Warriors absorb Luka Doncic’s punch, Mavs in Game 2, setting the stage for Stephen Curry knockout

Warriors absorb Luka Doncic’s punch, Mavs in Game 2, setting the stage for Stephen Curry knockout

SAN FRANCISCO — You could see it coming before Game 2 even started. Shoot, you could see it coming before Game 1 even ended. The Dallas Mavericks were ejected from the field in Game 1 of the Western Conference Finals Wednesday, and you knew they would come out on Friday against the Golden State Warriors with renewed focus, better shooting touch and a vengeful and dangerous Luka Doncic. .

“I’ve seen it all my time in the NBA, player, executive, coach. Game 2 of a playoff series is always very different depending on the outcome of Game 1,” Warriors coach Steve Kerr, before Game 2. “We have to maintain our advantage tonight, and we have to really come out and be ready for the strength that they will undoubtedly bring.”

Ready for strength, the Warriors were not.

Just seven minutes into the game, the Mavericks had taken a 26-10 lead in front of a hushed Chase Center crowd. Doncic had already scored 12 points and Dallas had sunk five 3-pointers, fulfilling the promise of a bouncy shooting night so many had been waiting for. Meanwhile, the Warriors, despite knowing what was to come, looked stunned, confused and frustrated. They turned the ball over 10 times in the first half while allowing a stunning 15 3-pointers and 72 points for the Mavericks.

Draymond Green played one of the worst halves of his playoff career, picking up a technique and getting into a bad pass along the way. Klay Thompson had just six points and only made two 3-point attempts at halftime. Stephen Curry was the only one who could do anything, scoring 20 points in the first half on 5-for-7 3-pointers as the Warriors trailed by 14 points.

Everything was coming together. The probable had become the inevitable.

So when you see the final score, a 126-117 Warriors victory to take a 2-0 series lead, it tells the story of a team that absorbed a chill-inducing body shot and got into it. is lifted from the mat. Not just to survive, but to dominate.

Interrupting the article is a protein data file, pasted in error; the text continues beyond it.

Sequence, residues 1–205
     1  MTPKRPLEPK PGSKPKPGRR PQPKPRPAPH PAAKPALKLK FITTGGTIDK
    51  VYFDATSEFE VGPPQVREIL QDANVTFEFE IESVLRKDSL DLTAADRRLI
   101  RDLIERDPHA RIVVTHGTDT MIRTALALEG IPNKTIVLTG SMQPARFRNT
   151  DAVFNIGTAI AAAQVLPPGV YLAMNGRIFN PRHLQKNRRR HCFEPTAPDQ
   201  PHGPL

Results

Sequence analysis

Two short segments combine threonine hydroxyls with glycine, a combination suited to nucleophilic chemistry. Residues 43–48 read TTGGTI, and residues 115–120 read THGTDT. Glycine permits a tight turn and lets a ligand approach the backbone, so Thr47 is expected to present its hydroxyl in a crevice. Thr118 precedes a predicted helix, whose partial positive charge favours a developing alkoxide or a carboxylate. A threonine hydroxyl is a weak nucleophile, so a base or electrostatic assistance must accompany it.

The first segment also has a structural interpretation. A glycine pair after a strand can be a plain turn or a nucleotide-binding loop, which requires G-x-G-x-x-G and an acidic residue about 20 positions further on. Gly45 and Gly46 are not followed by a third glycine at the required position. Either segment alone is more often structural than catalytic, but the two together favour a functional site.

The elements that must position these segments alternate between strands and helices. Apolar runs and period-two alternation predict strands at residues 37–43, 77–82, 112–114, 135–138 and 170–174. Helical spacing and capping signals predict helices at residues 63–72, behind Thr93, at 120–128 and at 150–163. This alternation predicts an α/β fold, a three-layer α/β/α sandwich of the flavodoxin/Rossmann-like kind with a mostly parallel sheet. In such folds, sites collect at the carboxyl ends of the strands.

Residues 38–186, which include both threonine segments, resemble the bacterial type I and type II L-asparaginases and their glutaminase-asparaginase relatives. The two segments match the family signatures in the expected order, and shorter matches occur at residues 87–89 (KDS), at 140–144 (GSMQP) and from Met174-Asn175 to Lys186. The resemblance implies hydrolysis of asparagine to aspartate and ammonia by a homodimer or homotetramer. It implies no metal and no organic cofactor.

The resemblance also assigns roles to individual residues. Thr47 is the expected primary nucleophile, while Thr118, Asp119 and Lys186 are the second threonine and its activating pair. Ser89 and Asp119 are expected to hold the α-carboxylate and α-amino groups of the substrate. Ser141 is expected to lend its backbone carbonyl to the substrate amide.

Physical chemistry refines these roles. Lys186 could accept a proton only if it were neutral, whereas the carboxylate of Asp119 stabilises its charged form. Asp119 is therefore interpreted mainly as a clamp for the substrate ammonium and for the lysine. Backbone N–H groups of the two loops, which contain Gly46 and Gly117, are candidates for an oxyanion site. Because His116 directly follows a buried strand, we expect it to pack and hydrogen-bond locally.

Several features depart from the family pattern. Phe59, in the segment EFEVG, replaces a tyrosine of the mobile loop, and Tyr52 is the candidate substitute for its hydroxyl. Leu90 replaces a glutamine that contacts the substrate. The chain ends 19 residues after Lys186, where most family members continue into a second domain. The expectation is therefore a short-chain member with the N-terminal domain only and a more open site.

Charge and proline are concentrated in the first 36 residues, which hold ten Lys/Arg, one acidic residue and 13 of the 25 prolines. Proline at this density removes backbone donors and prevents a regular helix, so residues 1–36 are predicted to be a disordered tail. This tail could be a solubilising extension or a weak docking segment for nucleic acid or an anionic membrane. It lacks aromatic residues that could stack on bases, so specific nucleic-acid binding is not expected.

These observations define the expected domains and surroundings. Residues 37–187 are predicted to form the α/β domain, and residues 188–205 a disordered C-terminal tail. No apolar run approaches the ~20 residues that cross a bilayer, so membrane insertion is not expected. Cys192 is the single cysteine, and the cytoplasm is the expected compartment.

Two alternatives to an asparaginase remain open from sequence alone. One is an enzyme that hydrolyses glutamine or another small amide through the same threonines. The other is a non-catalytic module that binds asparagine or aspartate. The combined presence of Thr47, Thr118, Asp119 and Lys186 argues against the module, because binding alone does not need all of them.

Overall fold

“I thought we were so spread out in the first half. Maybe emotionally more than anything,” Kerr said after the second game. .”

We’re used to seeing Warriors playoffs in the third quarter, but it’s usually characterized by offense. They put up a respectable 25 points in the third Friday, but only allowed 13 points for the Mavs, who cut the halftime deficit by 12 points.

“We just haven’t communicated well enough on the pick-and-roll [in the first half]. They were able to get out and land a few shots. They were able to find shooters,” Warriors forward Otto Porter Jr. said after the game. “We got a bit closer to them in the second half, which made it difficult for them. We just played harder.”

When the fourth quarter rolled around, that’s when the offensive onslaught began and a new face led the charge. With Curry rested, Jordan Poole – who had his ups and downs after a fantastic start – was absolutely masterful, scoring 12 of his 23 points in the fourth quarter. He also set up his teammates, including an absolute dime in Kevon Looney, who scored 20+ points in a game for the first time since his freshman year at UCLA.

“When Steph comes off the field the defense tends to focus a bit more on me,” Poole said after the game. “So keep being aggressive, and not just try to make plays for my teammates, but try to look for more shots and just keep our pace.”

By the time Poole substituted with just over six minutes left in the game, the Warriors had turned a two-point deficit into a seven-point lead. From then on, heroism was left to a much more familiar face in the Warrior Dynasty – Wardell Stephen Curry.

Curry checked in at 6:24 of the fourth quarter and scored 10 points on 4-of-4 shooting. As Doncic lingered threateningly on the other side, Curry made sure any potential Mavericks comeback was crashed before it started. He finished with 32 points on the night, going 6 of 10 from 3-pointers.

“There’s a reason our team has won championships, and that’s because we have players who are stars and players who are fearless and able to play and perform under pressure,” Kerr said after the match. “But Steph in particular, the guy is one of the great players of all time. That’s what the greats do.”

Fittingly, it was Curry’s long 3-pointer as the shot clock expired with just over a minute to go that sealed the win and allowed him to hit the Mavericks with his signature “last night” celebration. -night”.

It’s become a cliché to cite the Warriors’ championship pedigree — sort of like alluding to “Heat culture” — but it’s hard to deny when you witness performances like this. It was the Warriors’ 12th playoff victory after dropping at least 15 points since Kerr took over as head coach in 2014-15. Part of that is down to the high-explosive offense they’ve consistently put forth, but you don’t come back that often, without incredible resilience, confidence and teamwork.

It’s what lets you take a forehand to the chin from a scrappy team with one of the best players in the NBA, then rise from the canvas to deliver the knockout blow – once again.

“For us, the experience, just the chemistry – obviously this group is different – ​​but we have this attitude, the spirit that we feel like we never get out of it,” Curry said after the Game 2 win. “That belief then translates into execution in the game, and you can feel the momentum. It’s more just focused on what we’re doing. When we have those opportunities to stick the dagger or make three saves in a row, that are the times when we feel the good energy flowing our way.”

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